We frequently get amateur chemists posting here thinking they have found a way to make themselves some sodium, which they see as incredibly exciting because it reacts with water.
Most of these methods involve electrolysis. Let me explain, once and for all why this idea is wrong and foolish:
1) The reduction potential of sodium is very negative. This means that it likes to be Na+ and doesn't like to be Na at all. However, water has a much smaller reduction potential, and will easily be reduced to give hydrogen gas and hydroxide ions. The difference between the reduction potentials is so enormous that you will NEVER make sodium by reducing a sodium salt in water. You do however have a chance of making some chlorine at the other end if you decide to use sodium chloride. If you do this, you'll be making a very toxic gas which will burn your lungs in nasty ways. Be careful!
A side-point to aqueous electrolysis should be bloody obvious to people but it isn't. That is, that if you DID somehow miraculously manage to reduce sodium onto your cathode (perhaps you're Jesus), then it would immediately react with the water to make sodium hydroxide again, spitting and flames inclusive.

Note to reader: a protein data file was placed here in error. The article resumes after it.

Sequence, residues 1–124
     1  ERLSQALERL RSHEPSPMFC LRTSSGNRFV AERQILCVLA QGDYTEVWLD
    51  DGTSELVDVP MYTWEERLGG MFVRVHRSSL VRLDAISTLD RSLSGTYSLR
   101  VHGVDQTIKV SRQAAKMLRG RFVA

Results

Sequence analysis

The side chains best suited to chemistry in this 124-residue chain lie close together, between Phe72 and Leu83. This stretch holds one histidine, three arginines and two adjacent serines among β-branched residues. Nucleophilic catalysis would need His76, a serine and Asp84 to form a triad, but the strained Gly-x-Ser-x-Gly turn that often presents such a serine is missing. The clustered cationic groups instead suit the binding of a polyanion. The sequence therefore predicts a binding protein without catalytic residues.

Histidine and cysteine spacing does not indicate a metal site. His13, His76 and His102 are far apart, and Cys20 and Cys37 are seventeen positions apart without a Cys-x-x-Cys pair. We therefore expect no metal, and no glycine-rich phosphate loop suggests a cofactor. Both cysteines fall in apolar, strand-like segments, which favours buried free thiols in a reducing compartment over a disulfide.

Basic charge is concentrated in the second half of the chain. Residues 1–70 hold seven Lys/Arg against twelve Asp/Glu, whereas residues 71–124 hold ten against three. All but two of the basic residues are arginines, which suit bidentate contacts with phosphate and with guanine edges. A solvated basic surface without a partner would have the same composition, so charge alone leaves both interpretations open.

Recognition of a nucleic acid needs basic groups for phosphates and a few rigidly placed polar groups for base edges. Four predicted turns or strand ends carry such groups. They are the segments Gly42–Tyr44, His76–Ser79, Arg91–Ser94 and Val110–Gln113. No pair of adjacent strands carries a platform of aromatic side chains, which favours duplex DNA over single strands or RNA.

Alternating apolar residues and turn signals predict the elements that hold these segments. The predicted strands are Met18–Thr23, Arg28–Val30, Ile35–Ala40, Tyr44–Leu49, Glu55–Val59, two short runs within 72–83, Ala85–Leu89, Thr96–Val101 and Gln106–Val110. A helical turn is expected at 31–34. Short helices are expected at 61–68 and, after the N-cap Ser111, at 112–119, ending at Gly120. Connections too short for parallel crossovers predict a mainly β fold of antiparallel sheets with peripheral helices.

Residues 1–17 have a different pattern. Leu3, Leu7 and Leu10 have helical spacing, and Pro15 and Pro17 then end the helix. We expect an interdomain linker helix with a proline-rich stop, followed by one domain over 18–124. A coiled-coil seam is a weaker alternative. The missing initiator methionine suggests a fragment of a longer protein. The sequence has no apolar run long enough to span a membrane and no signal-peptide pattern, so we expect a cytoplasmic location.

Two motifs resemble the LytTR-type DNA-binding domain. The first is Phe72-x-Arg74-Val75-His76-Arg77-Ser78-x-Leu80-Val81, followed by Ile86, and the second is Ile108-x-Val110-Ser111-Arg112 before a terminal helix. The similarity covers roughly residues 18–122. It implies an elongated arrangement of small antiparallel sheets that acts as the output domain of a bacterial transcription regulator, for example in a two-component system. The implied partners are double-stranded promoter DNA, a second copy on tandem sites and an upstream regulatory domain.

2) There is another method for making sodium and at least this one is actually possible. It is the electrolysis of molten sodium chloride. The trouble here is that while this is fairly easy to do on an industrial scale in specially built vessels, it's very difficult to do on a smaller scale, not to mention extremely dangerous. Molten sodium chloride is not pleasant, and it's very difficult to get to those kinds of temperatures. Sodium hydroxide was another suggestion I read on the forums, and while it certainly has a lower melting point, we're talking about a strong base here... do you REALLY want a molten puddle of fuming, spitting sodium hydroxide in front of you? REALLY? No. You don't.
3) Just because you can write and balance an equation it doesn't mean it will happen. The reasons behind what reactions will "go" and what reactions won't are quite detailed and beyond the scope of this thread. However, in general, things which are considered unstable (like sodium) are difficult to make (they require less stable things in the first place, or giant amounts of energy). So, NO, you can't make sodium by doing a simple displacement reaction or a precipitation reaction.
So all-in-all the net result of the above is NO! You CAN'T make sodium!
The above also applies to the other alkali metals
Edited by imatfaal, 9 June 2015 - 08:47 AM.
removal of chem tags that don't work now